Steve Jones, Group CEO at pharmaceutical company Special Products, which supplies medicines within the regulatory framework of the Medicines and Healthcare products Regulatory Agency (MHRA), comments: “The future of the company depends so heavily on the external forces and the powers that be. We work hard with the MHRA through the quality of our submissions and responses, but ultimately a major decision from them is out of my hands and will have a profound impact as to how the company will look in the future. That’s the real pressure and it’s what keeps you up at night.”

For a global organisation to gain a true competitive advantage in this area, new skills and structures may be required. Ian comments: “We’ve spent quite a lot of time in making sure that our senior leaders, whether they’re the CEO in London or the General Manager in Nairobi, really understand the political context in which they’re operating, and that they have access to very good advice about it…

“We’ve had to [increase] the capability of the managing directors, to be able to look at this stuff as part of their everyday role as managers of the business. They’ve got to be just as good on this as they are on the sales figures or on the HR and talent issues.”

It’s a key element in running a successful global business today.

I hope to see you soon.


Private Vs Public NEDs

The difference between today’s public and private non-executive directors lies not in the quality of the skill-sets and insights they provide, but in the level of risk and reward that exists for sharing that expertise with an organisation. In short, who really wants to be the NED of a publicly-listed entity when a hard-earned reputation is the very least that can be lost?

David Gregson, Chairman of Phoenix Equity Partners, says: “The role of a public company director is much broader and, in these days of greater public scrutiny, to some extent more onerous [than its private counterpart]. This is particularly true for US-listed companies but is increasingly the case in the UK as well.”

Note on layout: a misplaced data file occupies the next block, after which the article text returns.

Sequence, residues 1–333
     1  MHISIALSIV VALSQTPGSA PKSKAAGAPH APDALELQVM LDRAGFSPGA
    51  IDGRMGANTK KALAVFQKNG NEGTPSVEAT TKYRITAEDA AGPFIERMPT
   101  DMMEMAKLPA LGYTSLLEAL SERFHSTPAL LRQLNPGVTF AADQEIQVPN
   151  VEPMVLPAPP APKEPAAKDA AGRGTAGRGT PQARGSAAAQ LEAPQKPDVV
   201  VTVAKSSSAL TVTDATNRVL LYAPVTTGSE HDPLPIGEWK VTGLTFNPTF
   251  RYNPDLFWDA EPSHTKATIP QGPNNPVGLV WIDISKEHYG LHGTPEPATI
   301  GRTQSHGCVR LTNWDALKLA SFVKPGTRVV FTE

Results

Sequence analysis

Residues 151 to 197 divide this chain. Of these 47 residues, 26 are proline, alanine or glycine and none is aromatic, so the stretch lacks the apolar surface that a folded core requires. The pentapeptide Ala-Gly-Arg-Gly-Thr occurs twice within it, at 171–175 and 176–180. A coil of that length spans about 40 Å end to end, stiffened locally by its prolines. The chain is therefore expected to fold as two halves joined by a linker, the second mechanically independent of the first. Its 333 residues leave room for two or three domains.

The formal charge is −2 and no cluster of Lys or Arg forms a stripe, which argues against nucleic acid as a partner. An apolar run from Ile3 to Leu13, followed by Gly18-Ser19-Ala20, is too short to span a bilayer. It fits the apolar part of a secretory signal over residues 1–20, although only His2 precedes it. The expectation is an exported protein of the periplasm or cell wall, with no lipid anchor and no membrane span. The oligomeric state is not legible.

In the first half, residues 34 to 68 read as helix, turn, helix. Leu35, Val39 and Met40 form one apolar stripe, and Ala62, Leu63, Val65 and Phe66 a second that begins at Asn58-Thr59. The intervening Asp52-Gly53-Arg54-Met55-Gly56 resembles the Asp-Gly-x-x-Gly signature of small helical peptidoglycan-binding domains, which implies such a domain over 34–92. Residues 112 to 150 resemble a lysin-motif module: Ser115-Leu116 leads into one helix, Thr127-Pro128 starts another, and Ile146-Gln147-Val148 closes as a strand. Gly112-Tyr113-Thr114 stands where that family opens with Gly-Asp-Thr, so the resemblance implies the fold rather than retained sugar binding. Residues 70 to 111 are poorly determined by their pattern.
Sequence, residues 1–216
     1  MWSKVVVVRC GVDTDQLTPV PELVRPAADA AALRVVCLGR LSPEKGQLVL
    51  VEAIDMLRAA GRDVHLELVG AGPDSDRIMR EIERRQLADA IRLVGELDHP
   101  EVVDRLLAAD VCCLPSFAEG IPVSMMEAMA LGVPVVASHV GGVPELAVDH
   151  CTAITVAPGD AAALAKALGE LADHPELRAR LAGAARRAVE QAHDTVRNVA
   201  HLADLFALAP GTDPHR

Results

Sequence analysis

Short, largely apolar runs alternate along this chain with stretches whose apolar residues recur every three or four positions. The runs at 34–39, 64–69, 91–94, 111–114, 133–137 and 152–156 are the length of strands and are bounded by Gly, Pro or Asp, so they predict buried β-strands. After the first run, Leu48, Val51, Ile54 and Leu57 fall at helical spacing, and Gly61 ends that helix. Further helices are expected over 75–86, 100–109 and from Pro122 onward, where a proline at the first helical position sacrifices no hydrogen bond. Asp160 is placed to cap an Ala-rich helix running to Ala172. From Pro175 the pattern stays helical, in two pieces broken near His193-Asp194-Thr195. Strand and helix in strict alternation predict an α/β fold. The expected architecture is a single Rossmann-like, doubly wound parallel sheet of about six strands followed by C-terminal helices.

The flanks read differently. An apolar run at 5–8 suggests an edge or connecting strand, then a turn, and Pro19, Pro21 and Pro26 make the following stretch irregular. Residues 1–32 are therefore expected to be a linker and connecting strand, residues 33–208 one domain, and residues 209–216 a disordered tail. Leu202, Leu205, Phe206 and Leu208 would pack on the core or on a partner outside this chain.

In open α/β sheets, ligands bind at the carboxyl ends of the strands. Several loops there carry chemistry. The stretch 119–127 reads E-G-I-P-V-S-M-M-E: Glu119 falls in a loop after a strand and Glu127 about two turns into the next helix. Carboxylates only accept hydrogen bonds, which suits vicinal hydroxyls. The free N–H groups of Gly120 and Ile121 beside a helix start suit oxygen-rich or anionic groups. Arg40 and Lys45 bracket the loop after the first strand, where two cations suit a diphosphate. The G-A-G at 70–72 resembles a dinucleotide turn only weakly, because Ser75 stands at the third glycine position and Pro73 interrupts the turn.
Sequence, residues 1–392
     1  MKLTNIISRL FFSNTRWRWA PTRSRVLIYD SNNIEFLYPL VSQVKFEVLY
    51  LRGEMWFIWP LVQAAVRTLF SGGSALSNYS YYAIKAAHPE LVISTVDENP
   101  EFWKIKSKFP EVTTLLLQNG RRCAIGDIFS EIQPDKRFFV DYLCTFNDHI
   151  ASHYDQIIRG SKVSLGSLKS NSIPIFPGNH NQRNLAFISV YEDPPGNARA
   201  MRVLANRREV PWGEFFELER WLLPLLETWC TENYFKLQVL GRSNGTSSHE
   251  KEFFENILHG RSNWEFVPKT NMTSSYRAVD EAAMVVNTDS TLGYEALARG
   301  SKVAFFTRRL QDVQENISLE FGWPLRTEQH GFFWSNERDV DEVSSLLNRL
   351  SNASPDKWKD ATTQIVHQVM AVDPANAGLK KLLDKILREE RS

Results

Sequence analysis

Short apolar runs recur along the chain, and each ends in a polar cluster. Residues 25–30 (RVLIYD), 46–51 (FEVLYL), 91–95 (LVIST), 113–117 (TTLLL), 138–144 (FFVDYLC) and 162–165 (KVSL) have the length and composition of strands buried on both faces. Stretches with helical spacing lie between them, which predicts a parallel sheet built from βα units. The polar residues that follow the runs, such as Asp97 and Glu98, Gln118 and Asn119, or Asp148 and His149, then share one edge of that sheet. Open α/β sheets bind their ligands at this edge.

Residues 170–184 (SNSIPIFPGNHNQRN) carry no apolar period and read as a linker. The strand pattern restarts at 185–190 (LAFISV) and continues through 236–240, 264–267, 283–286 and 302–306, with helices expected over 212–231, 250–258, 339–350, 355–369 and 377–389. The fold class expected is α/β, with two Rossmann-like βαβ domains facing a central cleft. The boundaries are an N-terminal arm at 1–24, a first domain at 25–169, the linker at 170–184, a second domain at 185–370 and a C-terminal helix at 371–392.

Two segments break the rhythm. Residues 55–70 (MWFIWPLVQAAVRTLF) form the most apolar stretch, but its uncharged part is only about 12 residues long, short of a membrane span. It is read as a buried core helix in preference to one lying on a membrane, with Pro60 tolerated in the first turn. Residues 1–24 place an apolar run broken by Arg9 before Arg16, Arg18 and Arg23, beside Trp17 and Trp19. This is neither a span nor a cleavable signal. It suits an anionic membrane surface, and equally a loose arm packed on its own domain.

Certainly, the steadfast work of Paul Sarbanes and Michael Oxley upped the ante and it’s fair to say that UK governance procedures continue to creep ever closer toward the US model, with its heavy emphasis on a box-ticking, rules-based approach.

It is a point taken up by David Williams, Operating Partner at Duke Street: “In a plc, the raft of legislation and the liabilities that follow on from this mean that a larger part of a board’s time can be subsumed by governance and risk-type issues. Other than by providing a secure framework within which the business operates, there is a limited ability to impact the business.”

Increasingly, and perhaps largely owing to this, ‘listed’ NEDs are being drawn to private-equity backed companies, where the focus should purely be on building a great business. David Gregson speaks from experience when comparing the attractions of the PE-backed versus private NED role: “I was privileged to be a director of a FTSE 100 company in my early thirties; a hint of my own perspective on the merits of directorships of private and public companies is that I have chosen never to be a public company director since. The NED of a private company…can focus exclusively with the management and other shareholders on the strategy of the business.”

John Allbrook, former CEO of AIM-listed GoIndustry plc and current Chairman of Syscap Ltd, a privately held PE-backed business, has a more upbeat assessment of the two roles: “NEDs of public companies have to balance the requirements and risks inherent in the prevailing corporate governance environment, with the positive value they may bring in terms of challenge, strategy and specific industry knowledge. The scope for positive impact may appear more limited than in a PE-backed business but the opportunity to contribute remains significant.”

Undeniably, there is plenty to consider when joining a plc, but then perhaps that ought to be the case given the wider responsibility to investors. Marie-Louise Clayton, NED of Forth Ports plc, acknowledges that the role might not be to everyone’s taste: “The job spec enshrined in a service contract seems very obscure but the commentary around the potential risks is immense. There is no handover file; often it’s a cursory induction and certainly there’s no instruction book.”

So why then, poses Marie-Louise, do “perfectly sane, highly experienced people at the pinnacle of their professions…put themselves forward to do a high risk, low reward, publicly despised role?” A fair question, you might say, given the times we live in where media scrutiny is unforgiving and the consequences of failure could see an NED behind bars (in another country to boot). For her, the answer is simple: “There is no doubt that being part of an organisation that is generating value, employment and innovation is an extremely stimulating experience. To make a contribution to the success of the venture and to ensure its probity on behalf of those that invest in it is both personally demanding and, when you get it right, very satisfying.”